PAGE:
Thursday, February 11, 2021

Temporality #3

 "No permanence is ours;
we are a wave
That flows to fit
whatever form it finds"

- Hermann Hesse (1877 - 1962)
The Glass Bead Game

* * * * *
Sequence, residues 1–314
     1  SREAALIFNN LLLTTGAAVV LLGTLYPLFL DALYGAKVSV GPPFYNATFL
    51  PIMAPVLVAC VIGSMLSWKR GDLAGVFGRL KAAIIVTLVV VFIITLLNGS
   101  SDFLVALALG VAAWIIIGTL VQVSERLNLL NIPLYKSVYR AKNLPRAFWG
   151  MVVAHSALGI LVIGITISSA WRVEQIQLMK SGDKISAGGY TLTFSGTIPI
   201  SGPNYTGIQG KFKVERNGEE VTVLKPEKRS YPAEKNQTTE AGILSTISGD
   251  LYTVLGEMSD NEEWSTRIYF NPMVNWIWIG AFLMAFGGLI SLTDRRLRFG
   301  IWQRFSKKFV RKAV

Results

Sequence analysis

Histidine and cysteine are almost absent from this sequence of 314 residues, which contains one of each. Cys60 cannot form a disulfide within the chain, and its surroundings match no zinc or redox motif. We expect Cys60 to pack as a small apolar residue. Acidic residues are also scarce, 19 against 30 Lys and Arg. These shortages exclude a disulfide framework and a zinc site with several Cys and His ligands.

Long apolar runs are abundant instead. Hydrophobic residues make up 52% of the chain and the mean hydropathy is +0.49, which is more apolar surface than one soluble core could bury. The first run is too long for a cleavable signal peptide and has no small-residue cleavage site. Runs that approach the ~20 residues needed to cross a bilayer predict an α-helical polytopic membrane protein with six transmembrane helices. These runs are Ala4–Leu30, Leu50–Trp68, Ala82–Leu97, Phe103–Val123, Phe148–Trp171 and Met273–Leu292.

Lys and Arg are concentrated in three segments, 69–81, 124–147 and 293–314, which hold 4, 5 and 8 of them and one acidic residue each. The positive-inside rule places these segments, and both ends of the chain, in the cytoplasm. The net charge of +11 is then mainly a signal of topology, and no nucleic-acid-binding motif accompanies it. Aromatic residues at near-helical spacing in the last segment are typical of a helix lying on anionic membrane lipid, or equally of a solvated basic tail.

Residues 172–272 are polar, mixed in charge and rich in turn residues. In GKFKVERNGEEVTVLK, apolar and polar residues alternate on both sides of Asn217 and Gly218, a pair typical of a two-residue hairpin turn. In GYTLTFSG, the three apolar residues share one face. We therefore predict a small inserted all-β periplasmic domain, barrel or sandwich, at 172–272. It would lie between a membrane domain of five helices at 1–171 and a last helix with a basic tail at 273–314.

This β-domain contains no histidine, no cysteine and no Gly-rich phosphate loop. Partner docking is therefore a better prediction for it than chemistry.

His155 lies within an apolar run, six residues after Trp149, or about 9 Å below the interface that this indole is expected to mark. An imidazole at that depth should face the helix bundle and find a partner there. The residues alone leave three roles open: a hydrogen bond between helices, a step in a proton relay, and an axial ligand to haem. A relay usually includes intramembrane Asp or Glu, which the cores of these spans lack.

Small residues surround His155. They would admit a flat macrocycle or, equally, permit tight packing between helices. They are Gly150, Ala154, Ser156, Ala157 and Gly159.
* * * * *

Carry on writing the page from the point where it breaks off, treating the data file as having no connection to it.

Postscript. One last "improvisation" on finding ways to render the ephemeral beauty that lives and dwells in flame (as described in Temporality #1) before I move on to other images and musings. The base images in this example are selected from the same set I used for my earlier examples (i.e., roughly 100 or so macros of flame, exposed between 1/2000th and 1/5000th sec). Also, just as in the last example (Temporality #2), each panel of the triptych is effectively an average (in terms of luminance) of three separate images. But this time, I loosened the constraint that individual photographs must retain their original orientation. I've written a short Mathematica program that automates the process of assembling triptychs of luminance-averaged layers, wherein each image either remains "as is" (i.e., in its original upright position), is reflected horizontally or vertically (as in a mirror), or is reflected both horizontally and vertically. Of course, this vastly increases the set of randomly assembled images. Assuming 100 "base" images - i.e., original flame macros - a 3 panel assembly consisting of 3 layered base images, each of which can assume any of four orientations, leads to over 50 million! combinations! But, while this makes it difficult, if not impossible, to sample even a small fraction of the "abstract triptych space," it can also yield striking images that would otherwise likely remain unknown. Of course, there are myriad associated aesthetic, conceptual, and philosophical depths that can be mined here (e.g., "What does the space of all possible 'creative' excursions from a starting set of images even look like?" - echoes of Stuart Kauffman's space of the "Adjacent Possible"), but I best end the discussion here, and let the lone exemplar above speak of what lives in that unimaginably larger universe of latent realities.

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